Reading this story again this morning, in the light of the night’s events and the events of the past few weeks, I notice different things. I notice things about the crowd gathered around the outside of the place where the disciples were meeting and where they were from. They were from every nation under heaven says the narrator – but there are very specific places mentioned. Residents of Mesopotamia – that’s what is now Iraq. And Egypt is there too. And parts of Libya. Arabs too. These words mean something to us now, and they are words too often associated with violence, and war and terror. They are names of countries and languages and peoples we have learned to fear. They show us how there were once devout Jews from all those countries, who could all gather in one place to worship God at the Jewish feast of Pentecost. The story shows us that even then, even in a time when all those people could gather in one city to celebrate a common faith, even then there was misunderstanding and confusion. They couldn’t normally understand one another and they spoke different languages. And then in this story they suddenly hear the disciples speaking in their language. There was something about the coming of the Holy Spirit that meant that understanding happened, that the differences between these communities were overcome and that Peter could talk about a future time when everyone who calls on the name of the Lord shall be saved.

I had written another sermon for today, a sermon about the need to be spontaneous and open to the Spirit, a sermon about how having faith is more like playing jazz and improvising than playing from the score, a sermon about how sometimes you have to busk it and get away from the script. So how ironic then that I woke up this morning and realised that I’d have to prepare a whole new sermon. I knew that I needed to say something else… that the day demanded different words.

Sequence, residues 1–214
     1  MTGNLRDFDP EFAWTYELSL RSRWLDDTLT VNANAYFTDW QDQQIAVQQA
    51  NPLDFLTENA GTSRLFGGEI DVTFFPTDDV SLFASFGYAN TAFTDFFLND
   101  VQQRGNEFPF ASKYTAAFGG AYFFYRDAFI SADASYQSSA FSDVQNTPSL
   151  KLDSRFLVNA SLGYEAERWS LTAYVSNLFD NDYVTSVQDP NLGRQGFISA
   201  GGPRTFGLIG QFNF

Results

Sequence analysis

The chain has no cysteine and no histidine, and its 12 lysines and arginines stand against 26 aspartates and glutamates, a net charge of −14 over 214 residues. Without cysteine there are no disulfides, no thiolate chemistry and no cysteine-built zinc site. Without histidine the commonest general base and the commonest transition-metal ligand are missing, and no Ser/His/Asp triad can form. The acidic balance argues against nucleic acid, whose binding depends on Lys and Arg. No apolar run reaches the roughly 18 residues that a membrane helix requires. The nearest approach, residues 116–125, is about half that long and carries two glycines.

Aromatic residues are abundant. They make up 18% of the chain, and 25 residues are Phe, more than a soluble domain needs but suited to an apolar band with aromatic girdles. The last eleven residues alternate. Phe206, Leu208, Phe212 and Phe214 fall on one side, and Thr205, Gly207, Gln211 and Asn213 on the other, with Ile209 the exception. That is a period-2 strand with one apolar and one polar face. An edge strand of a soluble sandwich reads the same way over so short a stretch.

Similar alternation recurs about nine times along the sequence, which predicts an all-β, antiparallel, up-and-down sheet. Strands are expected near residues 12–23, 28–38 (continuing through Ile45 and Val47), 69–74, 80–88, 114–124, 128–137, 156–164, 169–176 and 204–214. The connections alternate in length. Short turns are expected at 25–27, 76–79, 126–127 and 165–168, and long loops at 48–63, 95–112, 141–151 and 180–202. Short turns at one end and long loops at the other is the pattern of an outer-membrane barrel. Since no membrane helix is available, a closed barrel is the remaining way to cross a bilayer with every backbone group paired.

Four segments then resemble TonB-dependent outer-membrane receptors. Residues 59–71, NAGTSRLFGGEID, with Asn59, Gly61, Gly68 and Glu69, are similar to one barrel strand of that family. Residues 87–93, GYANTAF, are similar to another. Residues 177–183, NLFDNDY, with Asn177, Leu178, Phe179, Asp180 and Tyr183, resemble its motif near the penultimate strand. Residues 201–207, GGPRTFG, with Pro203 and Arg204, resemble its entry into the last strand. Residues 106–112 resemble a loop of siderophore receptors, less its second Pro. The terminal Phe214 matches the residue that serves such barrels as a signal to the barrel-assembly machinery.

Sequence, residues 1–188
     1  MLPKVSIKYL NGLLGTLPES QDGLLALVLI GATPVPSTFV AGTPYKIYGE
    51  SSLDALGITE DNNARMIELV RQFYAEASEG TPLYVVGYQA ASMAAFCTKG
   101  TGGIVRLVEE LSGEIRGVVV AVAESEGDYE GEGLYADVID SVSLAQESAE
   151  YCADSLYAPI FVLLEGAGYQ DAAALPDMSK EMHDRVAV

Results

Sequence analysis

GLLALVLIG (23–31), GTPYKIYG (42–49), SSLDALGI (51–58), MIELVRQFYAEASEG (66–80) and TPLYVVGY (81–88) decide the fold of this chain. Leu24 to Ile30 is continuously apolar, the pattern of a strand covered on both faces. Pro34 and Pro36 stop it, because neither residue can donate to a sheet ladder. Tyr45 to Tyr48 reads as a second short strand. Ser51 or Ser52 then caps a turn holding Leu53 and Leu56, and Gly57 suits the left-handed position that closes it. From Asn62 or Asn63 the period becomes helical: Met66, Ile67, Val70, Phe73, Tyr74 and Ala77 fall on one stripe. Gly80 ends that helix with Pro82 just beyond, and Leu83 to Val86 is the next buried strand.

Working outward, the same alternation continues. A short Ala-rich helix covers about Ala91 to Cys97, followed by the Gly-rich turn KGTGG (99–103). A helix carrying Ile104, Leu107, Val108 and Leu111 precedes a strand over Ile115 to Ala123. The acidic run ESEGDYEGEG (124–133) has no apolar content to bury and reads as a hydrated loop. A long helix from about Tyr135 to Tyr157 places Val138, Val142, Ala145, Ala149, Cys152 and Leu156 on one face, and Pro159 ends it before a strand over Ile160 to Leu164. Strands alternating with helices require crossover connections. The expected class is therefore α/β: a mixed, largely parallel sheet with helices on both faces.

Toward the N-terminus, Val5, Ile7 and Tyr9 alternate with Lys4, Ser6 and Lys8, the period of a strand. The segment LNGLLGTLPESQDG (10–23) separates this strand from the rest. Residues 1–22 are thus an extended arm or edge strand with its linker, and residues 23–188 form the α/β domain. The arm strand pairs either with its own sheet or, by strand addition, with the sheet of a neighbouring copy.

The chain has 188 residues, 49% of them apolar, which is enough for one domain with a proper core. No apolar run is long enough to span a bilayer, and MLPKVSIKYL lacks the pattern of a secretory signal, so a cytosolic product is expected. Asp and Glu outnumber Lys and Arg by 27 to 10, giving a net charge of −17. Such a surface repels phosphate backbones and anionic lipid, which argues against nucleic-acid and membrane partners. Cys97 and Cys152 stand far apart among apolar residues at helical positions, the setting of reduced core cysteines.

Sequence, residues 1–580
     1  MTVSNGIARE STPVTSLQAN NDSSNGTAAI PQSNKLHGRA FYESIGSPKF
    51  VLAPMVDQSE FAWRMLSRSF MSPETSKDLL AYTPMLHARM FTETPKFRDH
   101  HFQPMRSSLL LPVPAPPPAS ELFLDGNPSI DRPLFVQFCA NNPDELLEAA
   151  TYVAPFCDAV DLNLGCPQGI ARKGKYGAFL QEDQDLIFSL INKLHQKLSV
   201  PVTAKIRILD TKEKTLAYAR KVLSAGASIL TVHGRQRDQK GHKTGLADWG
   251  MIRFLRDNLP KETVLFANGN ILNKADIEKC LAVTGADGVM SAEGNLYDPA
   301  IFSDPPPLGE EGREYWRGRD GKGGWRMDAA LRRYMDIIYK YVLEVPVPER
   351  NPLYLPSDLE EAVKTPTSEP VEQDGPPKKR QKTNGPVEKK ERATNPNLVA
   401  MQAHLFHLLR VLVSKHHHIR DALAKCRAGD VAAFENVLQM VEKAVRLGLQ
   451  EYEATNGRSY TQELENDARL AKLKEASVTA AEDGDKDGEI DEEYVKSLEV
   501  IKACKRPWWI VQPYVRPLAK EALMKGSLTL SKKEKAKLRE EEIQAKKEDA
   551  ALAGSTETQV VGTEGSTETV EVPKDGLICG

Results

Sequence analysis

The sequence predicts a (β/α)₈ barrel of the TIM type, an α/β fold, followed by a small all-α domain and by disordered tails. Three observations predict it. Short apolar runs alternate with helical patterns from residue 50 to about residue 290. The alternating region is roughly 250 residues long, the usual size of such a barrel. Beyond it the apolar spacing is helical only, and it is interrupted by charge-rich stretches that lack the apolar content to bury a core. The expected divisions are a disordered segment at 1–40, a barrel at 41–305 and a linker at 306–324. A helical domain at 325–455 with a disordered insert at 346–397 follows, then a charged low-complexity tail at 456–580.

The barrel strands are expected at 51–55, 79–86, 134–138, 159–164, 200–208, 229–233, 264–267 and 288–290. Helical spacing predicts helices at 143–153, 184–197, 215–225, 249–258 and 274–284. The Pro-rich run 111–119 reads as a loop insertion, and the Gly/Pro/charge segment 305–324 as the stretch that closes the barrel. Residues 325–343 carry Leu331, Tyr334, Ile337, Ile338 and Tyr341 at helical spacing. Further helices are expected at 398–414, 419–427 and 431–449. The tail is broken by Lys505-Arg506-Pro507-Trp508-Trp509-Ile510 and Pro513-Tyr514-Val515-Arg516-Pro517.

But as I sat down with this text and this story and this experience of the Spirit before me, I could see that it does speak into our situation today – of course it does – in it is the Word of God.

I believe that it encourages us to know and believe and trust that the God who came on that day at Pentecost is still coming today to make the church a community that carries a gift for the world. It encourages us to go on trusting that the people of Iraq and Libya and Egypt, that every single citizen of Britain whatever their origin, that the children of Abraham through Ishmael as well as Isaac, are all under God’s good hand. It tells us that the community created by Jesus Christ and blessed by God’s Spirit has a message of peace for the world – and that one day, everyone who calls on the name of the Lord shall be saved.

There might be all sorts of reasons why we sometimes feel like giving up with faith, with church, even with God. The world is still violent and there is still suffering. Children can be killed at concerts, Christians blown up on buses and people of any faith can be the victims of terror and attack.. The world looks now as though the divisions between faiths and peoples are getting deeper and more entrenched. Will we ever be able to hear the Arabic name for God without a frisson of fear? This story tells us that we will, and indeed that we must, that all languages and all peoples can be holy and that God is promising and bringing peace.

The great Oscar Romero, now saint Oscar Romero, lived out his Christian faith and his ministry in a context of repeated violence against the people. He knew that his life was in constant danger and finally he too became a victim of the violence, when he was shot down while celebrating Mass. But he urged his people always to live not by violence or in its wake or in fear of it, but instead to live by what he called the ‘violence of love’. On the day of Pentecost the Holy Spirit came with a sound like the rush of a violent wind. It is the violence of the Spirit, the violence of peace, the violence of love, that we must welcome and live by – for this is the only violence of God.

On Pentecost Sunday in 1978, Oscar Romero said

It will always be Pentecost in the church,

provided the church lets the beauty of the Holy Spirit

shine forth…

The Church will be fair to see,

perennially young,
attractive in every age,

so long as she is faithful

to the Spirit that floods her
and she reflects that Spirit
through her communities,
through her pastors,
through her very life.

May that be true of our two communities, our pastors and our very life – as we live as Christ’s ambassadors in the world around us and as those committed only to the violence of love. Amen.